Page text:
Signale celebrates decade of success and welcomes new leadership

In 2020, Signale: Modern German Letters, Cultures, and Thought, a print and electronic book series co-published by Cornell University Library and Cornell University Press, celebrated two major milestones: the 10th anniversary of the first books published in the series and the publication of the 30th book, Forms of Life: Aesthetics and Biopolitics in German Culture by Andreas Gailus.

Having firmly established Signale as one of the chief venues in North America for book publishing in the field of German Studies, founding editor Peter Uwe Hohendahl, the Jacob Gould Schurman Professor Emeritus of German Studies and Comparative Literature, announced in December that he would be stepping down as Signale’s editor at the end of the calendar year. Paul Fleming, the L. Sanford and Jo Mills Reis Professor of Humanities in Comparative Literature and German Studies and the Taylor Family Director of the Society for the Humanities, succeeded Hohendahl as series editor on January 1, 2021.

It was nearly 15 years ago that the Modern Language Association (MLA) issued a dire warning about a “narrowing of publishing possibilities” for humanities scholarship, a result of increasing market pressures on American university presses. In its report, the MLA noted shrinking humanities lists, loss of book series, and a drop-off in the number of translations published by the presses. These pressures were acutely felt in the field of German Studies, which had lost three longstanding book series in the first few years of the 21st century, an imminent threat to English-language scholarship in the field and especially to the ability of young scholars to establish themselves. This was the context in which Hohendahl began a conversation with Cornell University Library about possible solutions.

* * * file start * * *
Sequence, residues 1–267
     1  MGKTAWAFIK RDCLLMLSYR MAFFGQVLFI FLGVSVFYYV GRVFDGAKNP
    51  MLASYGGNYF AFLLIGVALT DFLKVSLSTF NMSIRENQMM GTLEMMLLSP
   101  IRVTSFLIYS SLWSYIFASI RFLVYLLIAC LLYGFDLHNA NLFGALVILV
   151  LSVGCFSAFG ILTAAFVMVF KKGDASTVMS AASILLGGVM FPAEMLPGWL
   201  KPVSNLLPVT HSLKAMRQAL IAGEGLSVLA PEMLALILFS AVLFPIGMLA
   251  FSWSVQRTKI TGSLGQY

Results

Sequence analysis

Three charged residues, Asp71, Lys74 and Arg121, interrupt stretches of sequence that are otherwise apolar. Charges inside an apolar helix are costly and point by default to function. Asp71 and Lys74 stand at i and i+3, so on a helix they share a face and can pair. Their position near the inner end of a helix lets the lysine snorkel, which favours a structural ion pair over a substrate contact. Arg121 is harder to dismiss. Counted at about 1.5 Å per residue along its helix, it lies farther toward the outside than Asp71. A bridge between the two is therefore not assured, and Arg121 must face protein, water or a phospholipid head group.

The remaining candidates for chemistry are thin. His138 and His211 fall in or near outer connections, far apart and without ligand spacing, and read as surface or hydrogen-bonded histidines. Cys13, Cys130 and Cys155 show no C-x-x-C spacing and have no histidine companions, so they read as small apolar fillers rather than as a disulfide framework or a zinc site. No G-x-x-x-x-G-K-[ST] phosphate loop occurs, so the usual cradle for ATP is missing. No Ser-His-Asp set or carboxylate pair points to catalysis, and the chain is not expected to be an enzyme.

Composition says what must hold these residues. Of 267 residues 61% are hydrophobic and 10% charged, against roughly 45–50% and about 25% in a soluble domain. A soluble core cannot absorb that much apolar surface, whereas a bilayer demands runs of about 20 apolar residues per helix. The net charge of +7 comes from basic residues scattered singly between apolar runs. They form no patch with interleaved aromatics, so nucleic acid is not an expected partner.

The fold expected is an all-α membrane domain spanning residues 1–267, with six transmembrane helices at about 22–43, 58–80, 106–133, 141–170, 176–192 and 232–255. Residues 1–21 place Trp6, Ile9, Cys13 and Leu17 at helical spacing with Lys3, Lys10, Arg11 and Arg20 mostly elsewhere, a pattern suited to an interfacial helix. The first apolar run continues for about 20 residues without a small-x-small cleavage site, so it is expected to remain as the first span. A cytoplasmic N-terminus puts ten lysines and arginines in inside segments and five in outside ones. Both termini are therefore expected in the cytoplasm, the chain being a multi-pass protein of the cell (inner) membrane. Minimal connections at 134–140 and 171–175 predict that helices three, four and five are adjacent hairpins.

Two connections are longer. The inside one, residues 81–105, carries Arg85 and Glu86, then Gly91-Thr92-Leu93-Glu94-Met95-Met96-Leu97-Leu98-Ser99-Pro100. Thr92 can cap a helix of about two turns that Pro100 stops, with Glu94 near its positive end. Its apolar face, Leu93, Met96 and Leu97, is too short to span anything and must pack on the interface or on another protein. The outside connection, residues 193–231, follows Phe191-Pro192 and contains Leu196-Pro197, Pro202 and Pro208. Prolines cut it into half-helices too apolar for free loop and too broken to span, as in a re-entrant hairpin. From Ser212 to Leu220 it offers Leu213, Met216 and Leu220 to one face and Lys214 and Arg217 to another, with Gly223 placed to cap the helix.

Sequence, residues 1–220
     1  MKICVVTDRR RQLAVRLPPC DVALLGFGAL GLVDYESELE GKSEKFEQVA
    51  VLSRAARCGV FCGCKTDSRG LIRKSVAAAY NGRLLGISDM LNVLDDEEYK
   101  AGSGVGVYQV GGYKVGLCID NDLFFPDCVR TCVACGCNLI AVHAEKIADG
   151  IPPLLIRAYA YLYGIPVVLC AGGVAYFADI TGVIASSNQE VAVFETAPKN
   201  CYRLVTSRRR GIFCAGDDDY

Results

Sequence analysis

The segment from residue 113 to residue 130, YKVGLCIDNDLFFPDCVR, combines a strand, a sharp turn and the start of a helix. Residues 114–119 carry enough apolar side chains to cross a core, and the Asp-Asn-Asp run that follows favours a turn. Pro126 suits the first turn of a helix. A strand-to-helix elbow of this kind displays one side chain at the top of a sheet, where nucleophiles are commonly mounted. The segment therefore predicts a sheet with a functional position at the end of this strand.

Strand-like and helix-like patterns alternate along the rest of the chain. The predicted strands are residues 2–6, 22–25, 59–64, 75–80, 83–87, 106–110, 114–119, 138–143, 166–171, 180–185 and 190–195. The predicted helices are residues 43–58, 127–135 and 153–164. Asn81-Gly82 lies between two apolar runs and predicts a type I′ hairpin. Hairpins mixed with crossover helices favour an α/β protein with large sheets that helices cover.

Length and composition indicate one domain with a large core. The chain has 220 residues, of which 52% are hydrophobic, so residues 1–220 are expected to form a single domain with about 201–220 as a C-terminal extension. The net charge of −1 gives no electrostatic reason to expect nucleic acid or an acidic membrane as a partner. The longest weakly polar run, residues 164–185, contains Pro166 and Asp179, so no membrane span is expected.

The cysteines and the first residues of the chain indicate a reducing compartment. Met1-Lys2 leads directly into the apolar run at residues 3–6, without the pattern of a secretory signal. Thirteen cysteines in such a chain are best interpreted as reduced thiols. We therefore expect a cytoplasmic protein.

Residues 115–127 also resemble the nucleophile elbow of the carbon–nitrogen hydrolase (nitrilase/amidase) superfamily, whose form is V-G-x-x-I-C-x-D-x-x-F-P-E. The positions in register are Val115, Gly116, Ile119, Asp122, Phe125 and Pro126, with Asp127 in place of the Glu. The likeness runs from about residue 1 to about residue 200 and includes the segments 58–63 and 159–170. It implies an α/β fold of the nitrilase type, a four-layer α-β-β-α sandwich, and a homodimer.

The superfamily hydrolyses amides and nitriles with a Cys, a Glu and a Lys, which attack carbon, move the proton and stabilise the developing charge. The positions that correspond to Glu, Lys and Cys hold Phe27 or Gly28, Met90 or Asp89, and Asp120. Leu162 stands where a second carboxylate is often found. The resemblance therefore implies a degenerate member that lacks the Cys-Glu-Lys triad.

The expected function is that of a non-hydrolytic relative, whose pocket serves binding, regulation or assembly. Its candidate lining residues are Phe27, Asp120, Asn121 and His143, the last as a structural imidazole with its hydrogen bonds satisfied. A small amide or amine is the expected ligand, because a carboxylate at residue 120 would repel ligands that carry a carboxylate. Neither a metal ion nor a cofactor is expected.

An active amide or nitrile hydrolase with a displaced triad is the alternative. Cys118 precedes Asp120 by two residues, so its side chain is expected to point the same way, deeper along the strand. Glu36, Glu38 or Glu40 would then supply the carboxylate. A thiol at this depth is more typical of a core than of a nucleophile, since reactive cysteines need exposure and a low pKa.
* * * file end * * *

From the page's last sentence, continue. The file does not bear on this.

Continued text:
“For two reasons in particular,” says Hohendahl, recalling those early discussions, “I was convinced that Cornell was the right environment for the new series: the presence here of the interdisciplinary Institute for German Cultural Studies, which gave German Studies at Cornell international visibility, and the special support of the Library, which was experimenting with new forms of publishing.”

What began as a discussion between the Library and the faculty about electronic publishing options soon attracted the interest of a new editor in chief at Cornell University Press. The Press was looking for new ways to support publication of specialized monographs and was interested, too, in the Library’s recent successes in electronic publishing. Signale emerged from these deliberations. A three-year officers’ grant from The Andrew W. Mellon Foundation helped to launch the series.

Today, Signale is an established venue for publication of new English-language scholarly books on the literature, culture, criticism, and intellectual history of the German-speaking world. Signale also publishes English translations of important German-language works in the Signale|TRANSFER program. A partnership of prominent scholars in the field, the Cornell University Library, the Cornell University Press, and Cornell’s College of Arts and Sciences, Signale explores the potential of new technologies and new divisions of labor to create economically viable channels for disseminating important scholarship in the German Studies field.

Part of Signale’s distinctive model is the strong role played by the editorial board, made up of Cornell faculty with German research interests from several departments, which—together with the series editor—makes the final decisions about what is published. The Signale partners take pride in maintaining a highly selective approach to identifying and cultivating new scholarship while streamlining the technical side of book production. All Signale books undergo rigorous external peer review. The Signale partners make much of the content available online free of charge, but balance a commitment to broad access with the need to recoup investment in the books through sales. Most Signale books are available on an open-access basis after an interval of four years from their initial publication.